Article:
A wonderful gift book and useful reference combined, Lavender, Parsley, Peppermint, and Sage is an indispensable guide for a greener, healthier lifestyle.

What that doesn’t tell you is that it has instructions how how to make French Ironing Water, Just-In-Thyme Disinfectant Cleanser, and Rosemary Muscle Rub.  Don’t those sound so luxurious?!

Congrats to Shea Zukowski on the print edition and ebook edition.  It was such a pleasure to work on this book!  It’s inspired me to whip up my own all-natural products.

Writing Wednesday: Story Clouds

30 Nov

Remember childhood days of laying out in the grass in cut-offs, staring up at the blue blue sky, and making up stories about cloud shapes?

When did having an imagination and making up stories become such hard work?  Maybe it’s time we lay out in the park and let the puffy white clouds inspire silly stories.  Maybe we need to think like a kid again.

Maybe we need a little wonder in our lives.

I took these photos from the rooftop of the Met.  What shapes do you see?

Happy Birthday, Teddy Roosevelt!

27 Oct

Happy birthday, Teddy Roosevelt!

On October 27, 1858, Theodore Roosevelt was born right here in New York City.  I had the opportunity to visit his birth home a few years ago and write the introduction to his classic book Hunting the Grisly and Other Stories, published by the Barnes & Noble Library of Essential Reading.

I am opposed to hunting for sport, and in my introduction I highlight the fact that although Roosevelt was a hunter he was also a conservationist who set up fifty-one wildlife refuges.

Roosevelt’s Hunting the Grisly is available for purchase in both paperback and ebook format.

A Greek Bedroom Inspired by Nature

13 Oct

When my dad started building his dream house in Greece, I was in middle school in New Jersey.  It was the early ‘90s, and the Body Shop and Calvin Klein and Kate Moss were ushering in an era of natural beauty.  Simplicity was the backlash against an era of neon and shoulder pads.  I abandoned my hot-pink biker shorts and oversized Hypercolor t-shirts for a more natural beauty aesthetic that seeped its way into my plans for the bedroom I’d have in Greece.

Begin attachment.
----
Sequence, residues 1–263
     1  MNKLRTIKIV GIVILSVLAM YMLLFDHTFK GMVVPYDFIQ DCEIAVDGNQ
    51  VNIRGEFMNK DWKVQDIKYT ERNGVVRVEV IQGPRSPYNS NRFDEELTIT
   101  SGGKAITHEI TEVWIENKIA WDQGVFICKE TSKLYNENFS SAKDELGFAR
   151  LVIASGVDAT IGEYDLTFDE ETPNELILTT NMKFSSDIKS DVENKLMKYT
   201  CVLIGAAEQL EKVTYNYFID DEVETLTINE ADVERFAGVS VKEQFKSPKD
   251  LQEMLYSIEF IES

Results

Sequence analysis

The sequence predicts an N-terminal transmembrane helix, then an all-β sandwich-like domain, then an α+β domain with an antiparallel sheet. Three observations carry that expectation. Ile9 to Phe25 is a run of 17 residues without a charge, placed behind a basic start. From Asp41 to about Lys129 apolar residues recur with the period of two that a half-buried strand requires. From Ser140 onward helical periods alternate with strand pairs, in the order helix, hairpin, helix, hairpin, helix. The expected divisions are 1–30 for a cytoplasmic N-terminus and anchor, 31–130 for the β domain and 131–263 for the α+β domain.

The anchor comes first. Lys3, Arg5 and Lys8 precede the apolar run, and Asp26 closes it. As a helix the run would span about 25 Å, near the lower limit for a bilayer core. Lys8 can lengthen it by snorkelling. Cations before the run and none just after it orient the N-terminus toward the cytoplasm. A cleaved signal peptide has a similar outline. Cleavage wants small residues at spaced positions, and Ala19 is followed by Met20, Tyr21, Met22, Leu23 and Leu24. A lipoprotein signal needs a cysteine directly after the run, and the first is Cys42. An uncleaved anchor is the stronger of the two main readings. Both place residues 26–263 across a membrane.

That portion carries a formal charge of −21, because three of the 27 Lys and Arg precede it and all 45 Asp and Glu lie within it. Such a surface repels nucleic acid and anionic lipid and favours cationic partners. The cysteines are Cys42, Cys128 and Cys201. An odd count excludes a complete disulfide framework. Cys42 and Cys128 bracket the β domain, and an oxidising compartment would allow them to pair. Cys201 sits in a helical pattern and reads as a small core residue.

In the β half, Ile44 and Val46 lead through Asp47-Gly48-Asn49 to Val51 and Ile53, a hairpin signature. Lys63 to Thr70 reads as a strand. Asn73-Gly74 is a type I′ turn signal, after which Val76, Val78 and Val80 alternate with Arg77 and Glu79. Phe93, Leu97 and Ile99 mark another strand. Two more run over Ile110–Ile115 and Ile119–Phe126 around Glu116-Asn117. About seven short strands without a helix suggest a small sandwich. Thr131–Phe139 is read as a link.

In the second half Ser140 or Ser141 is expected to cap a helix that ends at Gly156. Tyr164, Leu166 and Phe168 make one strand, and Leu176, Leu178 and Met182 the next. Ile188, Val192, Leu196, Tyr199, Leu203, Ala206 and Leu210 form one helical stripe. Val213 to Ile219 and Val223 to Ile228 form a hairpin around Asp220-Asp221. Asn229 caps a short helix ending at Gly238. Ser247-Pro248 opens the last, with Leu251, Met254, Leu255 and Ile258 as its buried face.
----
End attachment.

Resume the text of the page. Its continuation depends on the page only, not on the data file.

Our new house was being built in an olive grove by the ocean, and I wanted to embrace an organic look for my bedroom.  I wanted to keep the walls and the bedspread as white as the walls of a white-washed Greek church.  I wanted only a few little green leaf accents and bamboo curtains to echo the call of nature.

When I saw This Is Glamorous’ post “Wicker & White and Summer Delights,” it immediately brought me back to the inspiration for my bedroom all those years ago.  Wicker baskets hold fresh, white laundry.  A bowl of pretty starfish brings the ocean inside.  A pretty white sundress looks like the kind I’d find in one of the many shops near Olympia.  There’s even a photograph of waffles, the dessert we often get after dinner in Greece.

Clip: Church Hopping LIVE: Church of the Intercession

29 Sep

Did you know Audubon (yes, the bird guy) was one of the founders of a church up in Washington Heights?  If you weren’t able to make it to the live Church Hopping event, you can read about it here, on Burnside Writers Collective.

Sunset at Lagouvardos Beach

8 Aug

 

 

 

I took these photos on my last trip to Greece.  They’re pictures of the sun setting over Lagouvardos Beach in the Peloponnesus.

It’s rare that I catch the sunset in any meaningful way in the States, but watching the sun set into the ocean is the Greek way of life.  A lot of homes are built with large balconies and a lot of tavernas sit ocean-side so watching the sun set is a natural part of everyday Greek life.  We watch the sunset with the same awe that we watch fireworks.  It captivates our attention as it slowly sinks deeper and deeper into the ocean.  We try to guess when the last sliver of it will disappear until morning.  We savor the color-shifting sky, full of wonder.

Protomayia

1 May

We all know that April showers bring May flowers, but Greeks celebrate May 1 (also known as May Day, Labor Day, and Protomayia) with the enchanting Feast of the Flowers.

Revelers flee to the countryside on this national labor holiday to herald spring.  By May 1, most of the Greek islands are warm with gentle breezes and the mainland can even get hot.  It’s a marvelous day of picnicking and flying kites and enjoying nature.

People spend the day collecting flowers and turning them into wreathes.  There are even several flower festivals throughout Greece.